UK private equity firm Cinven has won the race to acquire NCP, the UK national car park business that was put up for auction by its parent company Cendant. Cinven will pay Cendant £820m for NCP – in line with analyst predictions of a price in excess of £800m – although lower than Cendant’s original asking price of £1bn.
According to a source familiar with the auction process, Cinven secured the deal because it was able to produce ‘a more deliverable offer’. Cinven’s deal involves the creation of a holding company, Parking International, which will acquire NCP with Royal Bank of Scotland providing debt for the acquisition.
RBS' effort to arrange financing for the deal was led by the group's head of structured finance, Leith Robertson. The bank has fully underwritten the transaction and arranged a bridge loan to finance it. It will pass on most of the assets to Cinven once it is cleared by the regulator. Royal Bank Private Equity is to retain a minority stake in NCP. A sale and lease-back exercise will be used to refinance the deal.
Ashurst Morris Crisp advised Parking International and Cinven in connection with the acquisition.
The acquisition of NCP represents the second largest LBO transaction this year. The deal is also significant because of the unusually competitive nature of the auction, co-ordinated by JP Morgan, which reflects to an extent the paucity of quality opportunities for larger buyout firms. The competitive nature of the bidding will have ensured that Cendant received a very good valuation for NCP.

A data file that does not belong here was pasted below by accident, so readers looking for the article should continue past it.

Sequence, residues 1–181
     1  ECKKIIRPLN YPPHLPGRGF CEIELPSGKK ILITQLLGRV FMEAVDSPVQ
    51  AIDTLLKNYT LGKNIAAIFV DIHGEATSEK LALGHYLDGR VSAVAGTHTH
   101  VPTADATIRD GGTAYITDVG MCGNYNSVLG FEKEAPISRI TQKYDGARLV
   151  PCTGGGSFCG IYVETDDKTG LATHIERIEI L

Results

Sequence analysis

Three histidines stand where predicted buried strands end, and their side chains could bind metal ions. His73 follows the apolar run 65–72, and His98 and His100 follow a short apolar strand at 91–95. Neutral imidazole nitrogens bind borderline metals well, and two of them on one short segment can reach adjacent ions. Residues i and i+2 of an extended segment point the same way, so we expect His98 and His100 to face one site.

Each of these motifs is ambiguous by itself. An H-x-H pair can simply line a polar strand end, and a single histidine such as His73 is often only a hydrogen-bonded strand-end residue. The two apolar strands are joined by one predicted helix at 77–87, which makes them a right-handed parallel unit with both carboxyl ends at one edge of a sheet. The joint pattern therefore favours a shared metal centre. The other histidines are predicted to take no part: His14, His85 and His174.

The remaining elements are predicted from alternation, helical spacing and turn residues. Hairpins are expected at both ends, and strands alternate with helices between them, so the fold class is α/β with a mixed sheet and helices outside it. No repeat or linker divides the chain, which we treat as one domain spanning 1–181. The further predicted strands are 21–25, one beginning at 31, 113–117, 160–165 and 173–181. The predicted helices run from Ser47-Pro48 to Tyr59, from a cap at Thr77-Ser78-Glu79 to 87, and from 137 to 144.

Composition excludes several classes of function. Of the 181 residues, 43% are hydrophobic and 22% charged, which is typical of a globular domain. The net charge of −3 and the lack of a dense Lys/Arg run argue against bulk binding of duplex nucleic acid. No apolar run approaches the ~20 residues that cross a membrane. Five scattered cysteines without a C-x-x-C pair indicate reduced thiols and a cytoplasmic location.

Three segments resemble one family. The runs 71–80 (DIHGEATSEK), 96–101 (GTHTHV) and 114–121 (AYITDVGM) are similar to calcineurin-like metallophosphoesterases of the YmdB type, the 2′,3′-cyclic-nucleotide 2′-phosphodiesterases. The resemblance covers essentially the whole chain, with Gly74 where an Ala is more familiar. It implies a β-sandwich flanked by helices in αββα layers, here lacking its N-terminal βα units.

It will have been difficult for Cinven's rivals to let the deal pass by, but for them to do so bears testimony to the discipline of the financial sponsors involved in the bidding process, who will have submitted similar and well-measured offers. One source commented: 'People nowadays are very good at working out what they're prepared to pay for their funding and are extremely unlikely to go beyond that.'
The deal, which is subject to regulatory approval, will make Cinven the major shareholder in Parking International. The other two bidders, namely Apax and BC Partners, are both understood to have made comparable offers for the firm. Apax was rumoured to be making the front running for the deal, although Apax never confirmed that a deal was on the table.
The deal is the second this year involving the acquisition of a car park business by a private equity firm. In March 2002, Bridgepoint Capital paid an undisclosed amount for Scanpark, Norway’s fourth largest car park operator. In 2001 the firm acquired Nordisk Parkering.
In April 2002, Cinven announced that the third Cinven fund had closed with commitments of E4.3bn, significantly in excess of the E3.5bn target.